– This organization has a blog which is similar in aim as Sex+++. We could use this blog for supporting evidence as a way to learn. We could also build a greater support network

Goal: Change

Action: Create

Continuing work: Posting the results of the survey

– Creating an actual blog entry which will make people question/challenge their assumptions

-Creating social awareness which leads to a change in consciousness

Anjalee Sharma’s LOA Packet

I found this class remarkable in the way it was structured. Not until I really look back at the five points of this LOA do I really understand the impact it had on me. Firstly, this class is the first of its kind that I have encountered at UMD. It was so open that each group could employ its own learning style in order to complete their project. As I think back on the course, I realize that I have not only learned a lot about sex work in world, but also different ways in which to work with one another to reach a common goal.

I can easily look at the topic my group picked and see how it relates to women’s studies. Sex work, especially looking at sex work without a negative connotation is basically up to people in women’s studies. Otherwise, many people have a negative view of it, and it wouldn’t be explored further. But what’s cool with our topic is that our specific goal was to destigmatize and educate about sex work because of the heavy negative stigma associated with it. This was a perfect way, to me, to bring in social media. What better way could my group and I try to reach so many people about a topic that’s so negatively looked at? We tried to figure out how to educate people about what sex work is using a blog, a world map of sex work facts, and a survey that we promoted through Facebook. Even though I already knew how to use Facebook and WordPress, I felt like I was using it for better reasons than just to stay connected. I think I finally felt productive with social media, which seems like a feat to me.

Even through using these social media connections, I still felt that the three of us in the group could never be exactly on top of things we were doing for the project because of changing our minds on what we wanted to do. But what helped a lot was keeping a Facebook thread, texting, emailing, and also sharing all usernames and passwords for our project in order to stay connected with one other. I, especially, felt a little behind on this issue because both Kara and Jana have experience with HIPS, and just know more about the world of sex work. But I also think that because we were able to stay connected, they could explain things that were useful in research and general knowledge.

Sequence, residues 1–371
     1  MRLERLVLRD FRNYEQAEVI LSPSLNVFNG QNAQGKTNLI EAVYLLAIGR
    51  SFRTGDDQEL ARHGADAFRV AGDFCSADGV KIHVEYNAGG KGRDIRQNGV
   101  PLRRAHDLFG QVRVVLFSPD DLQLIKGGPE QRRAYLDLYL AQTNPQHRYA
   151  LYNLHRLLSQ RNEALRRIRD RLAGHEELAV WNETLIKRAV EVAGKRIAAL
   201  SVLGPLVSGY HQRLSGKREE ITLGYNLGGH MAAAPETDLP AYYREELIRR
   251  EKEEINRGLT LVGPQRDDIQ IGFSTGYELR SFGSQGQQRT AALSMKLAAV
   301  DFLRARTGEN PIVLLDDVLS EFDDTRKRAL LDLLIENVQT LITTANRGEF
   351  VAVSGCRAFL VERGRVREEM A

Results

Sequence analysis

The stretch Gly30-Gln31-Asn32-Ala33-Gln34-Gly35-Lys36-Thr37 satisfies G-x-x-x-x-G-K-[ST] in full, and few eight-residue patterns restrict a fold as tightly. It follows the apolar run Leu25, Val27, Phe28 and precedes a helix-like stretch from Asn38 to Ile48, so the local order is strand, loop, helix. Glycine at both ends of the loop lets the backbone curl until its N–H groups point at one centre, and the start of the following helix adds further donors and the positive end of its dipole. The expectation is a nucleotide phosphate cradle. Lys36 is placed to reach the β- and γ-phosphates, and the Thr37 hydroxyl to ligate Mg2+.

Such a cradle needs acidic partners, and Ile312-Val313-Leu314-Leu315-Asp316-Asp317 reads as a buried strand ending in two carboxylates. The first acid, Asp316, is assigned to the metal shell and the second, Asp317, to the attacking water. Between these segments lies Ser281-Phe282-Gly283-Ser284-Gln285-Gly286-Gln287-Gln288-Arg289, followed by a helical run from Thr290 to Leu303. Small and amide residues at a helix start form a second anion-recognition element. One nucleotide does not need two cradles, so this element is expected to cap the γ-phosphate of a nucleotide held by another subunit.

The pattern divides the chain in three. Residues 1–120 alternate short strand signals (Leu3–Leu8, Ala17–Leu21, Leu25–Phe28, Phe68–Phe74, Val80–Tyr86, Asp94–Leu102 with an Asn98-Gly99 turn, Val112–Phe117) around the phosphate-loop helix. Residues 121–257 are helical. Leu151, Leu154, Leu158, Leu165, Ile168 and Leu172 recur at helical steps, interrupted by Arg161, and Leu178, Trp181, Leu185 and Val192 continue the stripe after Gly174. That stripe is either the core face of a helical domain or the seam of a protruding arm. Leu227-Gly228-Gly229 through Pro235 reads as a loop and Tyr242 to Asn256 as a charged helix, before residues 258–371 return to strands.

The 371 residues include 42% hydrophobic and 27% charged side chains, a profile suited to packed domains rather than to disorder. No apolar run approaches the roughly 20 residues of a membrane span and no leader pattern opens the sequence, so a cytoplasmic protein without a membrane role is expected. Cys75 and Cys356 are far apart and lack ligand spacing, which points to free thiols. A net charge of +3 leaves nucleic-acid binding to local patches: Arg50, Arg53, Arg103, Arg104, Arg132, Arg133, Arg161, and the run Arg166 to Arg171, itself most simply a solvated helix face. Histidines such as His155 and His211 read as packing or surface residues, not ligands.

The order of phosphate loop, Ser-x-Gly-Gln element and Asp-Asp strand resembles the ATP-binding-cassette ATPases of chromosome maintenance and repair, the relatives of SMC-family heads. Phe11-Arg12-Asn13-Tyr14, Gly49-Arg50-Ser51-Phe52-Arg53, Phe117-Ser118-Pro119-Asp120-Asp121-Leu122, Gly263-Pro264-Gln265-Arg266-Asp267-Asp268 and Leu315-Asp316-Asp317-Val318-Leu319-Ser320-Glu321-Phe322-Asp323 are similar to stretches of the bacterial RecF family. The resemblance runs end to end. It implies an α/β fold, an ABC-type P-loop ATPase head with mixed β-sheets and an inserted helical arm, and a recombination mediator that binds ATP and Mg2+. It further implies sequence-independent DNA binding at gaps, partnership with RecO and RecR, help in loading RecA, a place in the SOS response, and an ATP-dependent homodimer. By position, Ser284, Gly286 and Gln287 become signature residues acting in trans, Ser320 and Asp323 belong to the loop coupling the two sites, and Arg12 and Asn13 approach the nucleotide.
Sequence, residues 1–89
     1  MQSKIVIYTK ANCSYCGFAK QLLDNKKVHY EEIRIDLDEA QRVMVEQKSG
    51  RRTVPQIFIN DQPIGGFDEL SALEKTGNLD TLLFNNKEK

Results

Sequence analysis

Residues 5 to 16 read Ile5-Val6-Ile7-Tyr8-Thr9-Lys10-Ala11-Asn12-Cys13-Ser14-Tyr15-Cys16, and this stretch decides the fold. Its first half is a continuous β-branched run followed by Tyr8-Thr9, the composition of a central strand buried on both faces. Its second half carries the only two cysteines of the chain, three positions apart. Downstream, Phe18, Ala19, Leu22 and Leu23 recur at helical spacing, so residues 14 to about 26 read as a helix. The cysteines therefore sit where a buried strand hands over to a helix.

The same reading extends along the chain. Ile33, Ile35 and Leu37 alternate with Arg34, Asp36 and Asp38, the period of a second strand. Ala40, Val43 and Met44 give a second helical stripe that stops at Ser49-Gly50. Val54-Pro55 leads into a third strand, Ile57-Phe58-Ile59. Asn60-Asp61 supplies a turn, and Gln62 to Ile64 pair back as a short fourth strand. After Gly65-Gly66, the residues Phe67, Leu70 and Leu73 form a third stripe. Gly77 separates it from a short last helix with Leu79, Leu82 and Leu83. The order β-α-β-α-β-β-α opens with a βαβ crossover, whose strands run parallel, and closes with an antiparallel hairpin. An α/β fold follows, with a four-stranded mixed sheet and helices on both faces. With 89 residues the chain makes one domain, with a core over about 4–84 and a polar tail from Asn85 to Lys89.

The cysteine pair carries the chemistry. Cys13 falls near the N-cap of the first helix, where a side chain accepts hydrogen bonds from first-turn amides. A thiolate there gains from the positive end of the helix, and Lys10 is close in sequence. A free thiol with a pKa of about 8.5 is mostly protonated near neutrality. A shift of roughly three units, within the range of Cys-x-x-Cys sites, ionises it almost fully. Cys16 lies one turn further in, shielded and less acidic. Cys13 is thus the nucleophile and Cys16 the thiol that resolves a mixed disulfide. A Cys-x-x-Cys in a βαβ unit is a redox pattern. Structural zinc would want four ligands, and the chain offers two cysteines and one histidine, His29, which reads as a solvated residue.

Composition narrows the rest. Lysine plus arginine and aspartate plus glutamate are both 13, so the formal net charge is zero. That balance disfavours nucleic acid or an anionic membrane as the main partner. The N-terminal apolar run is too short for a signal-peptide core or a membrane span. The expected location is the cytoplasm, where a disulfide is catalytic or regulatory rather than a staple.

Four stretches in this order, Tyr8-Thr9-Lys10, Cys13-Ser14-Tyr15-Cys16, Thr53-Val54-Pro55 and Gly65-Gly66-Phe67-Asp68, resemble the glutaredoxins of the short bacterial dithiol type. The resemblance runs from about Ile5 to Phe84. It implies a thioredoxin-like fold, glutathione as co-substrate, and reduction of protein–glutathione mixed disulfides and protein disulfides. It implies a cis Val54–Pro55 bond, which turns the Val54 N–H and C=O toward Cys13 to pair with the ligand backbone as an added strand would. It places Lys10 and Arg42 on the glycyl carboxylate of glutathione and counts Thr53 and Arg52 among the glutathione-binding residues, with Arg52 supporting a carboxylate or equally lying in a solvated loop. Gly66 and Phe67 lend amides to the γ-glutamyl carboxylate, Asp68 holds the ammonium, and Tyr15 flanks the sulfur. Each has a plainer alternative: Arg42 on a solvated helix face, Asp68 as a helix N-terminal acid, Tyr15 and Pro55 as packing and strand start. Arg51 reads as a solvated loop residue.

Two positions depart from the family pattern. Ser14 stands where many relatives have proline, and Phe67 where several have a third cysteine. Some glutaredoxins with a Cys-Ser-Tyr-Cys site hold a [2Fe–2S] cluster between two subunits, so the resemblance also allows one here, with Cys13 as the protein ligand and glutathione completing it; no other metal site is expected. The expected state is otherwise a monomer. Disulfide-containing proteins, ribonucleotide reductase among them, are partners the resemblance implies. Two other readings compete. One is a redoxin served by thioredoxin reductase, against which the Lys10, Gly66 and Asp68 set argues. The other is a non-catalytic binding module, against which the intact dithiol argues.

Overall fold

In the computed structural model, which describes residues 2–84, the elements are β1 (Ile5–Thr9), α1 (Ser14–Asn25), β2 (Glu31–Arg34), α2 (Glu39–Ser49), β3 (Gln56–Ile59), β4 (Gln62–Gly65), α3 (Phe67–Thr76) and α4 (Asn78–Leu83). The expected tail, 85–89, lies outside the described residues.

I think what I got most out of this project, including understanding a more productive side to social media, was to learn about aspects of sex work I didn’t know existed. I knew women’s studies would be related to this topic, but I just didn’t know where to begin with it. I thought that the stance we took was amazing because it called for human rights, which people question when it comes to sex work. I got to read legal documents from different countries and look at media in different countries in relation to sex work that was interesting and informative. In doing research for this, it was critical to site properly and read careful to really understand the legal implications of sex work in different countries of the world. Without proper documentation, our point of being “sex positive” would be lost.

What really pulled our project together, I thought, was the conference. We got to talk about our project with others familiar and unfamiliar with sex work. I felt that this helped us look at our project in different dimensions and also poke holes in it and make it stronger. This was a great way to learn about what we were doing because of the questions people asked us. Further, I think that in presenting our project to other people, we understood the implications and statements we were making.